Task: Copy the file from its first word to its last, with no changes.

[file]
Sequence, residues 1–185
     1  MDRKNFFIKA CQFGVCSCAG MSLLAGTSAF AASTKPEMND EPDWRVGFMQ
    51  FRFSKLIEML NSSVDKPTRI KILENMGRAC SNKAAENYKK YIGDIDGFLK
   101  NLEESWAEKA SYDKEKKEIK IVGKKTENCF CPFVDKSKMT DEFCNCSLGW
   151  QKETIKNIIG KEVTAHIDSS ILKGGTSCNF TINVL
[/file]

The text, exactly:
Sequence, residues 1–185
     1  MDRKNFFIKA CQFGVCSCAG MSLLAGTSAF AASTKPEMND EPDWRVGFMQ
    51  FRFSKLIEML NSSVDKPTRI KILENMGRAC SNKAAENYKK YIGDIDGFLK
   101  NLEESWAEKA SYDKEKKEIK IVGKKTENCF CPFVDKSKMT DEFCNCSLGW
   151  QKETIKNIIG KEVTAHIDSS ILKGGTSCNF TINVL